Gary Gygax Q&A: Part XII - Page 21





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  1. #201
    Quote Originally Posted by Col_Pladoh
    Tenser was conned by a hill giant, and I tried to dupe several PCs into get-rich-quick wagers. Sadly for me, the regulars were all too canny after being burned by my various ploys, so...
    By curious happenstance, I just a couple of months ago obtained a copy of the article from the Great Plains Game Players Newsletter which chronicles the tale. Slightly before my RPGing time, but only slightly. I was still plying my hand at SPI and AH hex-and-counter games at the time. But neato torpedo to se something from the very distant mists of time, when wilderness adventures were still played on the AH "Outdoor Survival" board.

    If you don't mind, I have yet more questions with which to pepper you. (And I will once again thank you for your previous replies to my doubtless-tedious questions, and thank you in advance for any information you are able and willing to give.)

    How does it feel to see characters who you have developed over the course of decades being, in essence, appropriated and developed by others? I refer specifically to TSR/WOTC's use of the famous such as Mordenkainen and Tenser, but I must humbly confess that I, too, have tried to breathe life into such famous figures as Melf, Biff, and so forth, based on their presentation in the 'Gord the Rogue' novels. Is there any sort of resentment? Or do you see it as a natural part of creating something and giving it forth to others to use?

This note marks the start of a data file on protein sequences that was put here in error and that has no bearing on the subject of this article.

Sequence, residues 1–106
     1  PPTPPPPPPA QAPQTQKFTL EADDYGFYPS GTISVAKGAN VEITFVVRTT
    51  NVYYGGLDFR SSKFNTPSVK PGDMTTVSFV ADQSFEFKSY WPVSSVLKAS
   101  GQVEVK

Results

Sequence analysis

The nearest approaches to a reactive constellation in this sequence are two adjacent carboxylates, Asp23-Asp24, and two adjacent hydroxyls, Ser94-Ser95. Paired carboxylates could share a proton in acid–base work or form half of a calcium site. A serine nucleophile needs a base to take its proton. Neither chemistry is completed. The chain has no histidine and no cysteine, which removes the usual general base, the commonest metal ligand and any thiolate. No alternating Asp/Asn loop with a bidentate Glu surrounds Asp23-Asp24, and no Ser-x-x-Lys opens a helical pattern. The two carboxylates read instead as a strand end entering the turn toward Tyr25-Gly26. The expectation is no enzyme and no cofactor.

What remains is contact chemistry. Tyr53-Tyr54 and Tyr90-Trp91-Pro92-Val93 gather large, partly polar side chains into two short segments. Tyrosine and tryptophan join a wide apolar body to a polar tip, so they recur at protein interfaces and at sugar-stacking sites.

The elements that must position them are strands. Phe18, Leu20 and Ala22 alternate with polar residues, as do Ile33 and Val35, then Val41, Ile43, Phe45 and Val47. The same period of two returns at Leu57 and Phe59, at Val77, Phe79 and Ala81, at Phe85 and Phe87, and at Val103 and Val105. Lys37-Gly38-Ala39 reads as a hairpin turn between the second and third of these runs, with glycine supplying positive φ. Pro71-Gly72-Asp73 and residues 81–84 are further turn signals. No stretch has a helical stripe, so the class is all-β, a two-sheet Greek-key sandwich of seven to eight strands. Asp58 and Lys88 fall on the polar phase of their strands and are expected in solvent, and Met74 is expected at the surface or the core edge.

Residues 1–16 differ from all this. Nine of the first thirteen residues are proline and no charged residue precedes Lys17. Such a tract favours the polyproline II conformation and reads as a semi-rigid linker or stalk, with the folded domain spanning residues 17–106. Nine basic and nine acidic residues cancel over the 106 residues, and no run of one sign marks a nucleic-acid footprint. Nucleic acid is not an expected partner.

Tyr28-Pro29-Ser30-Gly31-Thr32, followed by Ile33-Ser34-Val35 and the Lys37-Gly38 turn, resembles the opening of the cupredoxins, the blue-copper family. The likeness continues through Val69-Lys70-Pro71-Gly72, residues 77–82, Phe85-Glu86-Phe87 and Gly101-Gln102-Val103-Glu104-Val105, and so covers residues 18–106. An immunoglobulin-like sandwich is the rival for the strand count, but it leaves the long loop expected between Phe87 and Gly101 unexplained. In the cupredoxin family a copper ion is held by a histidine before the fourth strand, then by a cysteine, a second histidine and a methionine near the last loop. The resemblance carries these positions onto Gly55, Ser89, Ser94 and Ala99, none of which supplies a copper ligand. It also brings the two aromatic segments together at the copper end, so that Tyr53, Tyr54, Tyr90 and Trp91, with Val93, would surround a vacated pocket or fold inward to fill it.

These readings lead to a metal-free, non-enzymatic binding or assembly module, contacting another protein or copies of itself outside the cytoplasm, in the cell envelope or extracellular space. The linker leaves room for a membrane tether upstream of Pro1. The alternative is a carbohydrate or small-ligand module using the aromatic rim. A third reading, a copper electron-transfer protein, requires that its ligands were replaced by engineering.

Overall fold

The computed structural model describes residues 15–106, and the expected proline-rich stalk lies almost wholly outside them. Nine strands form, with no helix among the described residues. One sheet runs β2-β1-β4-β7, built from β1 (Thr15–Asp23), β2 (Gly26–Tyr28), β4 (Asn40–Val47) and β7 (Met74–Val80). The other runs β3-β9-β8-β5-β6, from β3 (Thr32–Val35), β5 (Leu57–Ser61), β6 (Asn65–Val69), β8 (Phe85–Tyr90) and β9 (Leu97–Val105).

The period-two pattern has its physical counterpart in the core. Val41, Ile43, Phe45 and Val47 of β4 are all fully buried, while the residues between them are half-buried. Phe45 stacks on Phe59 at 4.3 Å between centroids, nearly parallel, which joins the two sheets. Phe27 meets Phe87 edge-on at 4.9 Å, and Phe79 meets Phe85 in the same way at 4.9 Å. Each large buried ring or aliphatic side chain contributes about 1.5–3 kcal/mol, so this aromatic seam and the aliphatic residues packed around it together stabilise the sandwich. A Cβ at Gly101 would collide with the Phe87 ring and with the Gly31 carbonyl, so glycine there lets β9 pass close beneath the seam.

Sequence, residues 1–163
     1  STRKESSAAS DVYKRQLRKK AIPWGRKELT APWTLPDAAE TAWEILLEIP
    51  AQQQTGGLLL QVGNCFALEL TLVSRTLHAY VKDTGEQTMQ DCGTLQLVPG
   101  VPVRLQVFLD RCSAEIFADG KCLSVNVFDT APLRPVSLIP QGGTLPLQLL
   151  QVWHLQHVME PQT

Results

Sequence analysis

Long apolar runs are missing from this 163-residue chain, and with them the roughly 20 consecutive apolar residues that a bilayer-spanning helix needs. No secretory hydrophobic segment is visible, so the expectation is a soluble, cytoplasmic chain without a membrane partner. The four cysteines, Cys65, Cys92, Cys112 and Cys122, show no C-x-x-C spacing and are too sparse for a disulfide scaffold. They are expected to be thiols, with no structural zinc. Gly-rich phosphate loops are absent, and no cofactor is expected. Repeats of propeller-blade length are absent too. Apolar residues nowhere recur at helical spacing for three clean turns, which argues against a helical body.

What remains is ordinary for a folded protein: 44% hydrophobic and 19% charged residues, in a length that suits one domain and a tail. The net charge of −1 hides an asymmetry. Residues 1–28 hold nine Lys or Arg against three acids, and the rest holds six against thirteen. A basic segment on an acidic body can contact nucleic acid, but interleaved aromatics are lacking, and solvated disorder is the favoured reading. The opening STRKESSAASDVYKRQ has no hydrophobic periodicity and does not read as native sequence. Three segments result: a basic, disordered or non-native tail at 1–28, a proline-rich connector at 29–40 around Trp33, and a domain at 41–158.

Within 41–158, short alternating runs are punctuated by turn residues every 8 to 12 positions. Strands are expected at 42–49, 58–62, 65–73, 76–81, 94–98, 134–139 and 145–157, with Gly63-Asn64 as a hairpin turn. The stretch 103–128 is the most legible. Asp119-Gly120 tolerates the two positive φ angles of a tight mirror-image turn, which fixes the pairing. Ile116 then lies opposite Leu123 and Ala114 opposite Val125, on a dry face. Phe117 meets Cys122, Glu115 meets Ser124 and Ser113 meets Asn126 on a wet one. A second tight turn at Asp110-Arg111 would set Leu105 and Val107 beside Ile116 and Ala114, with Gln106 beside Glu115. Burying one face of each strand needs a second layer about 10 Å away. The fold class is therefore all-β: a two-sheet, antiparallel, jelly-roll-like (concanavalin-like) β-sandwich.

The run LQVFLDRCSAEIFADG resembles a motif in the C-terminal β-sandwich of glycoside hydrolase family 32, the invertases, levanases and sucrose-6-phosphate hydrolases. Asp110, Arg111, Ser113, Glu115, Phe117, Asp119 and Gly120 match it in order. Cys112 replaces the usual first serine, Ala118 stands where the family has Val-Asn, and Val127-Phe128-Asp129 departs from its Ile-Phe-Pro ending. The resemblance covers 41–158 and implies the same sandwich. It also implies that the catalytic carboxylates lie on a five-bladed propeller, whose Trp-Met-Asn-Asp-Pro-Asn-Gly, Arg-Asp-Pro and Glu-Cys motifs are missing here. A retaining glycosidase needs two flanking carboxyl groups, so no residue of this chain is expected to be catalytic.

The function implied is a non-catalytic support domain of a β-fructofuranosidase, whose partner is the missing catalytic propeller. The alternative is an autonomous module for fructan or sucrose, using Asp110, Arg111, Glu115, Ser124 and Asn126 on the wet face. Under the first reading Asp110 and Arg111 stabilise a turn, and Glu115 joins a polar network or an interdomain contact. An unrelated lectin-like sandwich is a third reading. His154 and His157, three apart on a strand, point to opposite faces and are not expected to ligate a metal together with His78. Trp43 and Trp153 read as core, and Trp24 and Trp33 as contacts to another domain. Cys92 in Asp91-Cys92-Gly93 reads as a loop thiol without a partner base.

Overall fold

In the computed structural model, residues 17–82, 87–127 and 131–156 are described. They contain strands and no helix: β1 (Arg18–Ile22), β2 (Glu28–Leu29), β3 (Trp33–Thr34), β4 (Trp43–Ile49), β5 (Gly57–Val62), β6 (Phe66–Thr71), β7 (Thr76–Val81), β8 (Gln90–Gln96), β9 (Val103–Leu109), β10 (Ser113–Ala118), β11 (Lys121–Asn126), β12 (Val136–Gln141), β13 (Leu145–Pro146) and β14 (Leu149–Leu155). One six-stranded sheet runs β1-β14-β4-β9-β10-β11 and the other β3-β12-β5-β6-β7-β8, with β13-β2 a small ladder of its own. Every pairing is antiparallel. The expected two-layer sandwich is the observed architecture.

Speaking of which, a minor mystery; is not Melf (nee Prince Brightflame) a scion of the royal house of Celene?

    I am a great fan of the "From the Sorceror's Scroll" articles from the pages of Dragon magazine in the early 1980's, which detailed the movements of armies and such across the Flanaess. They were obviously written with the mind of a miniatures gamer. I was just wondering if any of the battles described therein were ever played out by the local crew up there in LG?

    Again, speaking of which, was the Battle of Emridy Meadows (which of course forms the backdrop to the venerable T1 "Village of Hommlet") ever actually played out? For that matter, where are the Emridy Meadows, anyway?

    And following the stream-of-consciousness post which I seem to inadvertently be making, I would ask you to clarify the rather curious statement found in T1, to the effect that if harm came to Lareth the Beautiful, the Demonness Lolth would take it ill. Was she somehow involved in the rise of the Temple? It's resurgance? It seems to be something of a contradiction with the Gord novels, which posit a link between Zuggtmoy and Graz'zt (and, by connection, Eclavdra), who if anyone is, is not in Lolth's good graces.

    And, last one for this post; do you have any philosophical take on the difference between adventures whose goal is to prevent depredations of the innocent (a la G1-3), as opposed to those whose goal is to kill things and take their stuff (a la Castle Greyhawk, S1, S4, etc.). I realize the nature of tournament modules makes the former somewhat easier to plot, but in a campaign setting, do you have any insights on the nature of those two sorts of adventures?

    Again, my thanks for reading my ramblings.

    Thulcondar

 

  • #202
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    Quote Originally Posted by Thulcondar
    By curious happenstance, I just a couple of months ago obtained a copy of the article from the Great Plains Game Players Newsletter which chronicles the tale. Slightly before my RPGing time, but only slightly. I was still plying my hand at SPI and AH hex-and-counter games at the time. But neato torpedo to se something from the very distant mists of time, when wilderness adventures were still played on the AH "Outdoor Survival" board.